BWW Review: LES MISERABLES Dazzles at The Fabulous Fox
Anyone familiar with the Tony-Award-winning musical adaptation of Victor Hugo's novel Les Misérables knows it is a grand indulgence for the eyes, ears, and mind. The Cameron Mackintosh and Networks touring production (with new staging and reimagined scenery inspired by the paintings of Victor Hugo!) does not disappoint.
Les Mis' is the epic tale of Jean Valjean, set in early 19th-century France. Valjean has served nineteen years in jail after having stolen a loaf of bread to feed his sister's starving child. Shortly after his release, he pilfers silver from a bishop who has taken him in. Though caught, he is granted mercy by the generous bishop, who insists the silver was a gift. This enables Valjean to start anew, although he is hunted relentlessly for the rest of his life by a fixated police inspector and antagonist, Javert.
Eight years later, Valjean owns a factory where he learns that one of his workers, Fantine, is harassed by the foreman and colleagues. Fantine, a single woman, has a secret daughter Cosette, who is in the care of an innkeeper, Thénardier, and his wife. After Valjean insists the foreman resolve the harassment, the foreman fires Fantine, forcing her to turn to prostitution so that she can continue caring for Cosette, who the Thénardiers have sworn is ill and for whom they now require a larger stipend. Soon, Fantine ends up on her deathbed, asking Valjean to find and care for Cosette.
In the post-Revolution years that follow, Valjean's life as Cosette's guardian has taken on new meaning. Simultaneously, there is much political unrest. Uprisings against the government by student idealists abound. One of these idealists, Marius, who is friends with the Thénardiers' daughter Eponene, falls in love with Cosette, and Cosette with him. Eponene, who remembers Cosette from their childhood, assists Marius in finding her, even though Eponene herself is in love with Marius. The idealists build a barricade and fight against an army that warns them to surrender or die, and when Valjean shows up in search of Marius, he encounters Javert, whose life mission continues to be to punishing Valjean for his past.
The idealists give Valjean the opportunity to kill Javert, but Javert shows mercy and lets him go. Upon rescuing Marius from the bloody uprising, Valjean runs into Javert once more, but this time Javert, recognizing the clemency Valjean has bestowed upon him, commits suicide. Cosette and Marius are married, and then Valjean reveals all the secrets he has been hiding about his past before he dies as an old man, joining with all the spirits of those who have gone before him.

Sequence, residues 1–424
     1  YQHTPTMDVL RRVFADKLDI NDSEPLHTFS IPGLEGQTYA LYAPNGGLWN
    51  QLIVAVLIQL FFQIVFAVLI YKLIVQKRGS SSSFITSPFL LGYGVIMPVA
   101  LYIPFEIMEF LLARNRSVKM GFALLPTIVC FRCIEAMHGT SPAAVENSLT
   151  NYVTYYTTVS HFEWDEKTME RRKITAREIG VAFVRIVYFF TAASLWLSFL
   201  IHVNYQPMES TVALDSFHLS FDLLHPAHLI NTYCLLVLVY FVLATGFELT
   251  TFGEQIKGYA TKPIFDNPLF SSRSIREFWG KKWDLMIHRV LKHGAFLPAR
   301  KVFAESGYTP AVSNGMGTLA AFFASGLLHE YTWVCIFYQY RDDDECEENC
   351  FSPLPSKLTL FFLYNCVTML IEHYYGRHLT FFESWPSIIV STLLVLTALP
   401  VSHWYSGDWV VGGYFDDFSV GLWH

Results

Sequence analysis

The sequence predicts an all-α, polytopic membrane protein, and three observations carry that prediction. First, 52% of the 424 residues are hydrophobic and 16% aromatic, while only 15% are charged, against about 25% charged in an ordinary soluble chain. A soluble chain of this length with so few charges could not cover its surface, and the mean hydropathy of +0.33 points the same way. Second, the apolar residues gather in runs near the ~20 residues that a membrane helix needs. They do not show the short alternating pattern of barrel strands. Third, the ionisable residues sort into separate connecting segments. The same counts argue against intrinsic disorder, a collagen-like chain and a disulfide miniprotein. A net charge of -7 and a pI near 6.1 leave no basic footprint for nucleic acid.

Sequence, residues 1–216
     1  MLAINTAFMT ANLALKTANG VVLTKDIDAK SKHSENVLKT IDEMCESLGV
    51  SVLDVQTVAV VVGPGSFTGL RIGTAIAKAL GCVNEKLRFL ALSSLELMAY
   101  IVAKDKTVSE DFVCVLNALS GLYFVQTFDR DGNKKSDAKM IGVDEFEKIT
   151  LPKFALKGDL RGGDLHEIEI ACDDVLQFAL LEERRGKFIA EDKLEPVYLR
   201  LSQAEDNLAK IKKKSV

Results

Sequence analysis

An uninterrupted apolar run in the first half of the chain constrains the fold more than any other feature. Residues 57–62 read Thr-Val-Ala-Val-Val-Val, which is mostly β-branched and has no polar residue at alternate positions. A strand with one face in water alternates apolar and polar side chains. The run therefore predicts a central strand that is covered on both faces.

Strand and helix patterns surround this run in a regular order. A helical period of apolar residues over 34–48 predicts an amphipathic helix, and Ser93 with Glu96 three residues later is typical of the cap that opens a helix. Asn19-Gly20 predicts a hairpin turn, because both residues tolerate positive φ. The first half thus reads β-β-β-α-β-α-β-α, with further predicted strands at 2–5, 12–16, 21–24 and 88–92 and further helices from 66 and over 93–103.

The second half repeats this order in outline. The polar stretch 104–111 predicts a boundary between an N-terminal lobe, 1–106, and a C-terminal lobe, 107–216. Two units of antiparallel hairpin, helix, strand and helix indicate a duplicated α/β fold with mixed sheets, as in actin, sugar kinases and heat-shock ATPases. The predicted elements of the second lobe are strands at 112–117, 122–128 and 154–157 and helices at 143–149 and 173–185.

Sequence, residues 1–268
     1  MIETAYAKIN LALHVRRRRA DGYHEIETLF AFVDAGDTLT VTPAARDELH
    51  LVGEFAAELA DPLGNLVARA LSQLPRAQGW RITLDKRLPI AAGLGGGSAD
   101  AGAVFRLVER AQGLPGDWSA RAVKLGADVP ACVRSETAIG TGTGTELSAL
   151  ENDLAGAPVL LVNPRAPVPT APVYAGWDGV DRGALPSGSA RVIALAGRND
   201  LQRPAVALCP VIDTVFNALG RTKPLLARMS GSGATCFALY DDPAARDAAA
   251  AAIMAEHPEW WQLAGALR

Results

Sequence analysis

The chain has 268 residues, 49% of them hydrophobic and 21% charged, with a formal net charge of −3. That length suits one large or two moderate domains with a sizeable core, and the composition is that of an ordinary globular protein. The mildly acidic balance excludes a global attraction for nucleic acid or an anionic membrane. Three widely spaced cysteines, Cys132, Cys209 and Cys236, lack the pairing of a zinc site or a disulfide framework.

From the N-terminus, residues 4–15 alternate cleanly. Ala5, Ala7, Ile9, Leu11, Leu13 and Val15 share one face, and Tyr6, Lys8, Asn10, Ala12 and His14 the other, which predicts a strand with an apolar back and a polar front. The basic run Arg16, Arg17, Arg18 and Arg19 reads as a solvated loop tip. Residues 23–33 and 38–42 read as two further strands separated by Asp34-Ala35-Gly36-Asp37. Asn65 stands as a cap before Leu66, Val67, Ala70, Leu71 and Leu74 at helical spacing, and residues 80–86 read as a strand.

As you see, Les Misérables isn't a jaunty little feel-good story. It is complex and political and multi-layered - definitely a thinking person's musical. It is also a sung-through musical, so there is no dialogue to help advance the narrative, but unlike many musicals where audiences must strain and listen closely to understand many of the lyrics, this entire cast is to be commended for their exceptional enunciation. The clarity with which they fill The Fox is bold, bright, and impressive, whether we are hearing one voice or the entire company. Notable performances come during "At The End of the Day" where the unemployed factory workers' voices fill the entire space, Fantine's "I Dreamed a Dream," with Mary Kate Moore hitting those sumptuous low notes with vigor, "Lovely Ladies," which is a pleasingly delightful toe-tapper in spite of its subject matter. Act 2 kicks off with Paige Smallwood's superb execution of Eponine's "On My Own," after which the patron next to me exclaimed aloud, "Wow!" Nick Cartell as Jean Valjean and Josh Davis as Javert were equally strong with regard to both acting and singing. Allison Guinn and J. Anthony Crane as the Thénardiers were delightful and hilarious. Again, this entire cast is cohesive and notably well-trained.
The lighting design by Paule Constable is especially interesting and highly theatrical in this production. These are dark times, and they are reflected as such utilizing incredible backlighting and subdued spots on an otherwise murky stage. The lighting and the sound design by Mick Potter work seamlessly together, particularly during the wonderfully choreographed fight scenes, to evoke gasps and jumps from the audience. Impressive too are the projections by Fifty-Nine Productions, which lend considerable depth and almost a fourth dimension to Matt Kinley's already extraordinary set design, which is most outstanding for Javert's suicide. In short, the tech on this show is pretty incredible.
Even if you've seen it before, this production of Les Misérables is one to see. It is a beautiful and heart-wrenching rendition of this phenomenal piece of work. It runs at The Fox Theatre through December 16. Click here for more information and tickets.